Dr. McInish's and Dr. Jain's articles cited as most influential publications
For release: February 15, 2016
Dr. Thomas Mcinish's article "Stealth trading: the case of the Tokyo Stock Exchange" and Dr. P.K. Jain's article "State ownership and bank equity in the Asia-Pacific region" were published in the Pacific Basin Finance Journal in 2011 and 2013, respectively. They are now renowned as two of the most influential publications on future research agendas on the emerging trends in Asia-Pacific finance research. A 2016 Elsevier publication scientifically ranked the top 50 most influential publications among 667 journal articles published in the Asia-Pacific finance literature from 2011 to 2015. The goal of the Elsevier publication is to highlight possible pathways for researchers to build on existing knowledge and pursue opportunities for innovative and exciting new research contributing to an expansion of the research frontiers.
Dr. Thomas McInish, Wunderlich Chair of Excellence and professor of Finance, co-authored his article with Dr. Asli Ascioglu, a former FCBE Ph.D. student and current faculty member at Bryant University, and Dr. Carole Comerton-Forde, University of Sydney. Using data for the Tokyo Stock Exchange, a pure order-driven market, they find evidence to support the stealth trading hypothesis that cumulative price changes are due to medium-size trades. However, they also find that small trades contribute significantly to cumulative price changes by separately considering positive and negative price changes. They also find that larger trades explain a greater portion of the cumulative price change on high volatility days, when stealth trading is more difficult, forcing informed traders to trade more quickly using larger trades.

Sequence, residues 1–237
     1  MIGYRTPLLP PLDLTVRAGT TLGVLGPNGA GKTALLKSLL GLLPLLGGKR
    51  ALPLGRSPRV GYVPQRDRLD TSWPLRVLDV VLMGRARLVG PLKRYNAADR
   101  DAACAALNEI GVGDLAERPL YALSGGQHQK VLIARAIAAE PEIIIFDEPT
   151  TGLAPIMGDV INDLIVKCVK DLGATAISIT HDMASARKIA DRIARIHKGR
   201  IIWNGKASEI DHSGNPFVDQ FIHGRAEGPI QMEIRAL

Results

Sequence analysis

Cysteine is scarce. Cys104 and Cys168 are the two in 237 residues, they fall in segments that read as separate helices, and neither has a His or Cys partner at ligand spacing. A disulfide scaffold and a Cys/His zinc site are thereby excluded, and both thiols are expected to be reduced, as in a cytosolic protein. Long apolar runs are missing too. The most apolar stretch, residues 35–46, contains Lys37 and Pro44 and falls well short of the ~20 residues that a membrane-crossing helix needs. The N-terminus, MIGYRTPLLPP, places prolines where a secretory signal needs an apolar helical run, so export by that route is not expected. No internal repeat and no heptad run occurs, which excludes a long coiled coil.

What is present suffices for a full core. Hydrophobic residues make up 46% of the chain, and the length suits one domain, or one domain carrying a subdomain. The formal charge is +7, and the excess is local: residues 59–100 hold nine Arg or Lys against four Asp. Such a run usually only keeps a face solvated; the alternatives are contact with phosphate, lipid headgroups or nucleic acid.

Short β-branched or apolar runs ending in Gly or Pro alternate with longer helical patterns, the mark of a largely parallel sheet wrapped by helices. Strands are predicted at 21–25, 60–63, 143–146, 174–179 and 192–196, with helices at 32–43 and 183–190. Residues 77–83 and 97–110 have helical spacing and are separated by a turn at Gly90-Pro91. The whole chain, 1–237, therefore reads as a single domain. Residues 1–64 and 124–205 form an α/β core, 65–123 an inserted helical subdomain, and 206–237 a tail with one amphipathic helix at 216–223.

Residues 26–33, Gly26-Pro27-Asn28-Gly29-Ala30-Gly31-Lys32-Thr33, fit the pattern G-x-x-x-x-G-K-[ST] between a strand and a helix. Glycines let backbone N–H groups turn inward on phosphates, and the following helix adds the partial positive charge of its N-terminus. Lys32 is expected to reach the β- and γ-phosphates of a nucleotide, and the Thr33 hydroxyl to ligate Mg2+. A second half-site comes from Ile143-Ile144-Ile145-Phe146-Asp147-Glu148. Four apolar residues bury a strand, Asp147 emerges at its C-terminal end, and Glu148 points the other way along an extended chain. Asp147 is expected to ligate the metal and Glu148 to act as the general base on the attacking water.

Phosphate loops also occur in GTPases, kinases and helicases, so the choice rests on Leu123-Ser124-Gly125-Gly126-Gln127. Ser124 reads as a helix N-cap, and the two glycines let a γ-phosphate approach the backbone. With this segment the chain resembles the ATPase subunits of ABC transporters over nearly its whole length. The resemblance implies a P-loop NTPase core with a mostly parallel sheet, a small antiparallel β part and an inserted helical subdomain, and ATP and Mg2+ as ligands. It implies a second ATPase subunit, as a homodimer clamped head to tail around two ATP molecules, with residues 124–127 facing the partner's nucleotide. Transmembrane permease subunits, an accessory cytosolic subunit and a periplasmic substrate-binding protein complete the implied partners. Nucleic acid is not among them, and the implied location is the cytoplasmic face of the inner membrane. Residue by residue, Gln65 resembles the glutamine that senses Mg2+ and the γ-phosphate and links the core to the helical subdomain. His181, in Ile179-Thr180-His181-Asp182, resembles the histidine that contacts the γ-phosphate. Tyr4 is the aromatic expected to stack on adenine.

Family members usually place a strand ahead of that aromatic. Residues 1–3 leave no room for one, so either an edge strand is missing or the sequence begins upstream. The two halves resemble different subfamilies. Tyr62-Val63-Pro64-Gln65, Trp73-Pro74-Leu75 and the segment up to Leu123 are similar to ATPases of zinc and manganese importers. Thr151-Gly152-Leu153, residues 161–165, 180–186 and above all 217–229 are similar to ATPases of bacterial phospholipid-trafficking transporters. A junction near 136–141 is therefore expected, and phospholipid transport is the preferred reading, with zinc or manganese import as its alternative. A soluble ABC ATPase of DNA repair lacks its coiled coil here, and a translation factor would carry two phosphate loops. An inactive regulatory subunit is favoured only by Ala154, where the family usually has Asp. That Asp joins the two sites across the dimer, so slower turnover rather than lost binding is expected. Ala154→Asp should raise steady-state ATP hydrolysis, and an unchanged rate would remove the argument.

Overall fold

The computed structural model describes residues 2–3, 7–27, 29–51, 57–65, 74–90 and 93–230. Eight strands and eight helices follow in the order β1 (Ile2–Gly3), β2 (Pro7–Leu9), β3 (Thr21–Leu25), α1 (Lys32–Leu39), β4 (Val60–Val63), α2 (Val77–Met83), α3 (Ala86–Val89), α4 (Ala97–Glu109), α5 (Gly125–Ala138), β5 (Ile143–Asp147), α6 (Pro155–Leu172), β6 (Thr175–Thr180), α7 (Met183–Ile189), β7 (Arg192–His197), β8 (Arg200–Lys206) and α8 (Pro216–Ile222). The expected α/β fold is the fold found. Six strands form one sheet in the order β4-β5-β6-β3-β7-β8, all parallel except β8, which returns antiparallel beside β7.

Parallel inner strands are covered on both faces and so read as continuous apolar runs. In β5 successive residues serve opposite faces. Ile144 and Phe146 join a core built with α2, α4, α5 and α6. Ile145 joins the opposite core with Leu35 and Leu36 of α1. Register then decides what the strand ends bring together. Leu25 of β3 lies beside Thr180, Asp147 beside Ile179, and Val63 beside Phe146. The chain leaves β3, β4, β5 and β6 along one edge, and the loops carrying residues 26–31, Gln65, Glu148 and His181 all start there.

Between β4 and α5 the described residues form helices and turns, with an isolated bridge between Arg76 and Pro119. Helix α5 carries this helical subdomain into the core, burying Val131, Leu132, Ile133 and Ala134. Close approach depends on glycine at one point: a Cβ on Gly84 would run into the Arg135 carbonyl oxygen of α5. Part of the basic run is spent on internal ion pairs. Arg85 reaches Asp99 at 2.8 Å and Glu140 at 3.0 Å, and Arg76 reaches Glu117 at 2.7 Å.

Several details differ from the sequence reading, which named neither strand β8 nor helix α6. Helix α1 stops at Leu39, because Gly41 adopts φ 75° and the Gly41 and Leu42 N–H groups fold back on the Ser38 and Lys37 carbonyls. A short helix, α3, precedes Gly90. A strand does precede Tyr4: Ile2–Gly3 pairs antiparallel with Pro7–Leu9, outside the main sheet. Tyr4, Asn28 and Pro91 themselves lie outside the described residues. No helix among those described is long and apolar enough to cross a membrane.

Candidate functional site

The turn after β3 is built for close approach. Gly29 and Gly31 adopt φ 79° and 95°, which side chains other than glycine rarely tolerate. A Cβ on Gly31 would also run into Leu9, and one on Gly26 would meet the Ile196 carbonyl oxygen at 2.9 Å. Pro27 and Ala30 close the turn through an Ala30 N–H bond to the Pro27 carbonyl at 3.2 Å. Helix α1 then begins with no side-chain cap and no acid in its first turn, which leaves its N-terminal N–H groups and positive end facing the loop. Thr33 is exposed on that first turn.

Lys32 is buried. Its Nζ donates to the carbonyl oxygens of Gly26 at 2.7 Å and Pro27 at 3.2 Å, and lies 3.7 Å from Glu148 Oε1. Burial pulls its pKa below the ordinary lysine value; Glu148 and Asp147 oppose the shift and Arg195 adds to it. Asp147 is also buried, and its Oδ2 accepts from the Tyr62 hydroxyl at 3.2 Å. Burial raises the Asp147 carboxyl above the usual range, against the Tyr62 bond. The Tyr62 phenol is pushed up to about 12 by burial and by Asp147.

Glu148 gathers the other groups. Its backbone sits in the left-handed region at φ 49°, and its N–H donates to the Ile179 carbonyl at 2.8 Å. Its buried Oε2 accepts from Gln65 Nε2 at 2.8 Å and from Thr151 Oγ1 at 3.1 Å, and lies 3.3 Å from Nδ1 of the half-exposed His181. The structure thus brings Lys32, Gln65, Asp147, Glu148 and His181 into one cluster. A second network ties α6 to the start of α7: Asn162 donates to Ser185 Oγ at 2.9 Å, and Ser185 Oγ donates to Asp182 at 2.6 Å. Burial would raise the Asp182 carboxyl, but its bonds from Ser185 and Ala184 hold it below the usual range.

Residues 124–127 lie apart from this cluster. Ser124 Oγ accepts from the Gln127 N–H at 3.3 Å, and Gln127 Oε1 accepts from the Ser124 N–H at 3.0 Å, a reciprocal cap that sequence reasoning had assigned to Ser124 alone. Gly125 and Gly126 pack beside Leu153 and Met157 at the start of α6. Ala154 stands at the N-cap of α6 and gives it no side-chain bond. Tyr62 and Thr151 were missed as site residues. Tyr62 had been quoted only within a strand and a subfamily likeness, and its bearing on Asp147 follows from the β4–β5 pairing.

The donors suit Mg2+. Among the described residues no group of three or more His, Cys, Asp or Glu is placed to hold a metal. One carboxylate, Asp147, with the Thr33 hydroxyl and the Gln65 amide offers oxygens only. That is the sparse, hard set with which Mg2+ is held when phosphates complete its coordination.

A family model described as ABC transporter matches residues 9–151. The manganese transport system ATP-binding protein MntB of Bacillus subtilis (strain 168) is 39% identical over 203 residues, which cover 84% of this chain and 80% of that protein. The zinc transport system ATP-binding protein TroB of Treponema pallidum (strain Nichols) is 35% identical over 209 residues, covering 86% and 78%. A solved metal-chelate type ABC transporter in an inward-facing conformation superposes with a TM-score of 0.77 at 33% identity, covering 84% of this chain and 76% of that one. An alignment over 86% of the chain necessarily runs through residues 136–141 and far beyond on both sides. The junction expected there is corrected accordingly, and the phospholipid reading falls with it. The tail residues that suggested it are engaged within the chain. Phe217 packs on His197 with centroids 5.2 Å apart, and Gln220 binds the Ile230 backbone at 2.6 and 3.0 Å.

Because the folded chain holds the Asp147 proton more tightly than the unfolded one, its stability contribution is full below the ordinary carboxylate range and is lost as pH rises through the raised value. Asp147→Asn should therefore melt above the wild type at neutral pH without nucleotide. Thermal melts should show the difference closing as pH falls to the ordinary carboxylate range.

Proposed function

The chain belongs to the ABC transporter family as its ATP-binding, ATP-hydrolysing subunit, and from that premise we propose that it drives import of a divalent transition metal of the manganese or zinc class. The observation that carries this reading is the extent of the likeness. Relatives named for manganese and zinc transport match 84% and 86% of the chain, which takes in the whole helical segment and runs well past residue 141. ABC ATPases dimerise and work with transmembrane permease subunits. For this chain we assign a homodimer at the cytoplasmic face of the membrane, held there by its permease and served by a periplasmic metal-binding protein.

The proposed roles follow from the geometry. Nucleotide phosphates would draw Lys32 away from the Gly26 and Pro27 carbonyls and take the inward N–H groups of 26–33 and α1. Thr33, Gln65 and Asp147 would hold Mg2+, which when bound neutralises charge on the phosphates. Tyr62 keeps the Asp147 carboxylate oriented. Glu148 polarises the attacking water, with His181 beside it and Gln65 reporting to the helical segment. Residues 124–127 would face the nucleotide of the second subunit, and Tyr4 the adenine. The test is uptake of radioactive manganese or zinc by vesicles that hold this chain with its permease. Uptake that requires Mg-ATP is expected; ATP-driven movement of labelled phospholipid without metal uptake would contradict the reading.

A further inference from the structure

Dr. P.K. Jain, interim chair of the Department of Finance, co-authored his article with Dr. Mahmud Hossain, Gulf University of Science and Technology, and Dr. Santanu Mitra, Wayne State University. They examine the effectiveness of worldwide banking regulations and government involvement in providing a balanced risk–reward trade-off to bank shareholders during both normal times and the periods of financial crisis. Ownership structure varies across world regions with government holding bigger stakes in the Asia-Pacific region and Latin America than in North America. Partial state ownership of banks, particularly in the Asia-Pacific region, helped avoid sharp losses during financial crises without sacrificing returns in normal periods. The restrictions on the types of activities reduce bank riskiness and wealth losses during the crisis period but they also stifle innovations and returns during normal times.